Written by: Paul Gleason
D.H. Lawrence once wrote, “Never trust the teller, trust the tale. The proper function of a critic is to save the tale from the artist who created it.”
Writers should always remember Lawrence’s words when they tackle the enigma that is Bob Dylan.
The best writers on Bob Dylan—for example, Greil Marcus, Christopher Ricks, and Paul Williams—have observed Lawrence’s dictum by focusing on Dylan’s songs and performances. Marcus’ equally brilliant Invisible Republic; Bob Dylan: Writings 1968-2010; and Like a Rolling Stone: Bob Dylan at the Crossroads include exegeses of the songs themselves, as well as thorough commentaries on their position in American cultural history. Ricks takes the same close-reading tack in Dylan’s Vision of Sin, citing the singer as a great poet and comparing him to Keats. And Williams in his Bob Dylan: Performing Artist series finds meaning in Dylan’s transformative and evolutionary performances of his greatest songs.
Dylan’s biographers—from Robert Shelton, in his hagiography No Direction Home, to Dennis McDougal, in his new and sour Dylan: The Biography—want to get at who Clinton Heylin, another Dylan biographer, calls the man “behind the shades.” That is, they ignore Lawrence and attempt to reveal the personality of an artist whose reclusiveness and ever-changing nature make him an enigma.
And this enigma, as McDougal points out in Dylan, is “Bob Dylan” himself. For McDougal, “Bob Dylan” is a character, the construction of a man—Robert Zimmerman—who would stop at nothing to sell himself. In so doing, according to McDougal, Zimmerman would plagiarize, lie, cheat, steal—in short, do anything for financial gain and popularity.
This isn’t to say that McDougal doesn’t appreciate some of the music that Zimmerman has released as “Bob Dylan.” But McDougal’s praise is always brief and unconvincing because it lacks any analysis or indication of the music’s aesthetic, historical, and cultural import. McDougal—an entertainment writer whose previous tomes were on folks like Lew Wasserman and Jack Nicholson—obviously isn’t a music critic or lover. Dylan, therefore, reads more like the exposé of a Hollywood bad guy than it does a biography of one of the most undeniably significant and influential American artists of the last 50 years.
So Dylan teaches us that Dylan is a womanizer, drug addict, booze fiend, and bad friend. Now, this material could be interesting if—and only if—McDougal could offer a perceptive analysis of how Dylan’s terrible antics inform albums as tender as Blood on the Tracks and Time Out of Mind. Sure, he acknowledges (in the most generic of all possible ways) that they’re “classic” records or some such. But he’s really out of his depth because he simply isn’t interested or doesn’t know how to think even for one second that Dylan’s—yes, Dylan’s and not Zimmerman’s—songs are the only reason we care about him in the first place.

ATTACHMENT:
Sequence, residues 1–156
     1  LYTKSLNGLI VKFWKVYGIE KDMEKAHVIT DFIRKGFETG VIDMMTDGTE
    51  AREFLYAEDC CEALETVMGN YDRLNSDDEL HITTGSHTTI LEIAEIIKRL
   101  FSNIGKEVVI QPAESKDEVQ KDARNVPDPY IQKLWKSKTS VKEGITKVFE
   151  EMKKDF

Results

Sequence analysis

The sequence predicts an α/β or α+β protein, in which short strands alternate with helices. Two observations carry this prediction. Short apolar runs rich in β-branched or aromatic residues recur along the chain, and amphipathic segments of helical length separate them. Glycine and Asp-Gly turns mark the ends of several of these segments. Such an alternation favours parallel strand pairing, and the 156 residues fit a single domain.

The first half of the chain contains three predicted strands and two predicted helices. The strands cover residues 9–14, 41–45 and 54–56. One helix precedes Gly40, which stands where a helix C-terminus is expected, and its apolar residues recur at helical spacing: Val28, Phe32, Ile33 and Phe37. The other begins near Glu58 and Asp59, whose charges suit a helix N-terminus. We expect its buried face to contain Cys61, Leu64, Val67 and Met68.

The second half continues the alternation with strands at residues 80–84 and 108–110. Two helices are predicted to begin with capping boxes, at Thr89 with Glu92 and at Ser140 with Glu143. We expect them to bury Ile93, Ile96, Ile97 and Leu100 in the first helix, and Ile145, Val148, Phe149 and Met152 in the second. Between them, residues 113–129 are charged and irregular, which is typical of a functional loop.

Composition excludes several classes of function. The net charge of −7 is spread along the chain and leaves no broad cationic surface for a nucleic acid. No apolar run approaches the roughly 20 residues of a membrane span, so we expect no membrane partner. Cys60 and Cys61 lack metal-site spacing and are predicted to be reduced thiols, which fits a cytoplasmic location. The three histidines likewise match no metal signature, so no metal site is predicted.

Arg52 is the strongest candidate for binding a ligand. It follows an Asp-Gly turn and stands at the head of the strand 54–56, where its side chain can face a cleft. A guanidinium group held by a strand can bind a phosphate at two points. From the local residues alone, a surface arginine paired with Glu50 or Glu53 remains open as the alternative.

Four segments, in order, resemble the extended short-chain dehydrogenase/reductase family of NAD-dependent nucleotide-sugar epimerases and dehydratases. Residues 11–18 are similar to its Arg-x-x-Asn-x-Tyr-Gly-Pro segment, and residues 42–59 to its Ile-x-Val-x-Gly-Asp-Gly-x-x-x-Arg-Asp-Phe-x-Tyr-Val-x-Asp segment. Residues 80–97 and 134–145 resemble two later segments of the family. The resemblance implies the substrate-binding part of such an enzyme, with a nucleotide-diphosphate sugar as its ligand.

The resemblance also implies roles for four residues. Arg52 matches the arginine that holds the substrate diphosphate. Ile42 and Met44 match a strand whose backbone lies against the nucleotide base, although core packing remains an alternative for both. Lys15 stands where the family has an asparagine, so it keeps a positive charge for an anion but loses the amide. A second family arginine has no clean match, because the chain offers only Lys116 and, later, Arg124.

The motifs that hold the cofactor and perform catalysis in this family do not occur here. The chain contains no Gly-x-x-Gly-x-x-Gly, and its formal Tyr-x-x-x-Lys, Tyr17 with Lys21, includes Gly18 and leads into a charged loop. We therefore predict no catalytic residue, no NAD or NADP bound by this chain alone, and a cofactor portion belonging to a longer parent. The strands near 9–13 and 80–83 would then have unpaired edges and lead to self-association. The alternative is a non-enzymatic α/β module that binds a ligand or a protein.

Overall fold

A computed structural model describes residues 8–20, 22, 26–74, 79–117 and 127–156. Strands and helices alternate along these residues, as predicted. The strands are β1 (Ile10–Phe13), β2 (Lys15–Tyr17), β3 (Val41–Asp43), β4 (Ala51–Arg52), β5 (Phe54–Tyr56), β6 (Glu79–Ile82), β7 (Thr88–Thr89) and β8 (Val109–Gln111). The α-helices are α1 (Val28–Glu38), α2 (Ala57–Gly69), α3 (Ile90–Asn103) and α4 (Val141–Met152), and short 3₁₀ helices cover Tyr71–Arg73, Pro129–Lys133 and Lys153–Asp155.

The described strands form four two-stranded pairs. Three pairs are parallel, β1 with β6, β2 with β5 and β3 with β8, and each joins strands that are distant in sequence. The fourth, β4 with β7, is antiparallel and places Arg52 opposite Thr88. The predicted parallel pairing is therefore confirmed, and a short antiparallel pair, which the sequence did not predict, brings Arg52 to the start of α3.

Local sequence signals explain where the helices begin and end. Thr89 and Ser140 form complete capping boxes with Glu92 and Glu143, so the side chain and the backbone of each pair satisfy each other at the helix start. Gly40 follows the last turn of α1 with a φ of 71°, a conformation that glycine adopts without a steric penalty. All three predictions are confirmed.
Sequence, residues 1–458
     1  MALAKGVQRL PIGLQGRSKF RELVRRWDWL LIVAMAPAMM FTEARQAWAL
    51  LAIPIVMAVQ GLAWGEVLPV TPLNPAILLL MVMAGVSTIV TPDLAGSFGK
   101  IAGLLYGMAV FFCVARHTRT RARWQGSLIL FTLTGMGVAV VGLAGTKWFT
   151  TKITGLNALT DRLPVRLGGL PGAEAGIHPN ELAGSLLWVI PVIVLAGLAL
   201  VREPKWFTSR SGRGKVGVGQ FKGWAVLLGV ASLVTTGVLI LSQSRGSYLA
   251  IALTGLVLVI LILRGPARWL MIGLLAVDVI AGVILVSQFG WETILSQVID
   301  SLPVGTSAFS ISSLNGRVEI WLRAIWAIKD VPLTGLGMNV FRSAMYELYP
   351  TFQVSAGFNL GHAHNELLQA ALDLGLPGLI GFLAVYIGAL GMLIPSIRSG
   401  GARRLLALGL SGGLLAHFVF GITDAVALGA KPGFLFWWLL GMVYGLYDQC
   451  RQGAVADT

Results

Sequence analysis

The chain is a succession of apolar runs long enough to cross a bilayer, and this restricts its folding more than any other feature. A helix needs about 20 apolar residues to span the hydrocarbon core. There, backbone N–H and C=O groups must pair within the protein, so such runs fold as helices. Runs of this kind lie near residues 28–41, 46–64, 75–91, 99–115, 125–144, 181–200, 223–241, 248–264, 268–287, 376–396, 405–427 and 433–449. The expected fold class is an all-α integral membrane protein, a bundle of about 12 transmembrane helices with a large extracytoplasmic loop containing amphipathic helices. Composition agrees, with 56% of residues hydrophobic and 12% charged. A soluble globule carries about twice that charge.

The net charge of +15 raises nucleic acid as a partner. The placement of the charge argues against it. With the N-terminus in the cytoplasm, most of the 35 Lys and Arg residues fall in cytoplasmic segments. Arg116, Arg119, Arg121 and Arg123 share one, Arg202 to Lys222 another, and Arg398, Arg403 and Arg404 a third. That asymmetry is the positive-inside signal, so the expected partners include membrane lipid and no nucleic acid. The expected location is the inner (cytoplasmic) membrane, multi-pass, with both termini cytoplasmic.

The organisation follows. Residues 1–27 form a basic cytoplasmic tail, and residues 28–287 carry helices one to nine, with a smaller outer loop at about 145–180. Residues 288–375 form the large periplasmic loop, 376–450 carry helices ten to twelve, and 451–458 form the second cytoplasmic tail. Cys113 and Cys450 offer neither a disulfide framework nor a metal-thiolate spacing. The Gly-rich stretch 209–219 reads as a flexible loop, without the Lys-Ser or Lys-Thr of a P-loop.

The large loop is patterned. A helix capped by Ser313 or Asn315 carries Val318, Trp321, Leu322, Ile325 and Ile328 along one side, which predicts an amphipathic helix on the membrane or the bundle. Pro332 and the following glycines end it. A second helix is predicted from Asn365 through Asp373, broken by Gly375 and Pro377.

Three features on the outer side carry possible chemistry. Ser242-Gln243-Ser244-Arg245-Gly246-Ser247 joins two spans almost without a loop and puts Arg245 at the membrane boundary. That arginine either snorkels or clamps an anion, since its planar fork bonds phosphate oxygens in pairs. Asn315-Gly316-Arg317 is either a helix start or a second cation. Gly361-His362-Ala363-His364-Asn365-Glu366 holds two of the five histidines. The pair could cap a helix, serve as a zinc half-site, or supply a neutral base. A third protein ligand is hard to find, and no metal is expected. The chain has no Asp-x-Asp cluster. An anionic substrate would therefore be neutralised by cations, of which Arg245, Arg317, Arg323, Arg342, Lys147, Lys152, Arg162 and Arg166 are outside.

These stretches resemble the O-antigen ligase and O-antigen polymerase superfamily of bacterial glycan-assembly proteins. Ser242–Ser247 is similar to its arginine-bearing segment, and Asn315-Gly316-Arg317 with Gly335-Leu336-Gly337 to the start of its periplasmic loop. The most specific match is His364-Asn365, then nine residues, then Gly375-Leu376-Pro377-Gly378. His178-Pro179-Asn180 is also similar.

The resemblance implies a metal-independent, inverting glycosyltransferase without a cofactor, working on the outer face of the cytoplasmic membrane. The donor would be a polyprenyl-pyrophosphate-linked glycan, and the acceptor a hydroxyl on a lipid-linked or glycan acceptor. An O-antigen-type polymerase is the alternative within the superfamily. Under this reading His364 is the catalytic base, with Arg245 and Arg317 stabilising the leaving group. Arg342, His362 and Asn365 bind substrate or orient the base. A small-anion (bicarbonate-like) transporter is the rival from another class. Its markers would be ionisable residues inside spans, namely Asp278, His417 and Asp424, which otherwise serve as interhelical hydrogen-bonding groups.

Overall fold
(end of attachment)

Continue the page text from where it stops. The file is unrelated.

Dylan’s work—in its breadth, mystery, and passion—reveals him to be the consummate artist and, again, one of the most important artists of the last 50 years. For some reason, McDougal seems to think that to admit this simple fact and delve into the man’s life in terms of his art would be a lie. By establishing a Zimmerman-Dylan binary—seeing Dylan as Zimmerman’s creature—McDougal uses a simple-minded rhetorical device (the binary opposition) in a flawed attempt to pull back the curtain and display Dylan as a charlatan.
This device is unfair to Dylan and shows a lack of knowledge of the way many musicians work. Prince, David Bowie, and Madonna have all been celebrated for their changes—for making us think about the inherent instability and forever-changing nature of identity. Why doesn’t Dylan deserve to be celebrated, according to McDougal?
I have an answer. It’s because Dylan’s music—in all its changes, phases, successes, and failures— is so pure that it smacks of the genius of an utter artistic authenticity that, with a few possible exceptions, is unparalleled. In giving us hundreds of pages of Dylan dirt, McDougal looks under every rock imaginable to damn the man as an inauthentic manipulator, thereby transforming his songs into lies.
Let’s get back to Lawrence. Who are you going to trust? All of Dylan’s great songs and the way in which they conjure truths about your soul that you didn’t know were there in the first place? Just think about the first time you heard “Chimes of Freedom,” “If You See Her, Say Hello,” “Desolation Row,” “Most of the Time,” “It’s Not Dark Yet,” and all the others songs that touched you at your core. Even if Dylan were the biggest rapscallion on the planet (and he’s not), he would still have tales for you to trust.
I want to close by posing McDougal a question, which I’ve appropriated from Dylan’s “Masters of War”: “Let me ask you one question: / Is your money that good? / Will it buy you forgiveness? / Do you think that it could?”
McDougal revels in the dirt just as much as his Dylan does. The ironic thing is that in writing about Dylan as a sleaze, he’s showing how much he enjoys the stuff—or, at least, writing about the stuff—that he finds so problematic in his subject.
I hope McDougal’s money is good for him. His inauthentic and logically compromised Dylan definitely isn’t good enough for us.